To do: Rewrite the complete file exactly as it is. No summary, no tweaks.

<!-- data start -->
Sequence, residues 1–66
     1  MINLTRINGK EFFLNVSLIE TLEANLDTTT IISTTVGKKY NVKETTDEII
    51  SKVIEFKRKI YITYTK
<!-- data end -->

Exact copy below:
Sequence, residues 1–66
     1  MINLTRINGK EFFLNVSLIE TLEANLDTTT IISTTVGKKY NVKETTDEII
    51  SKVIEFKRKI YITYTK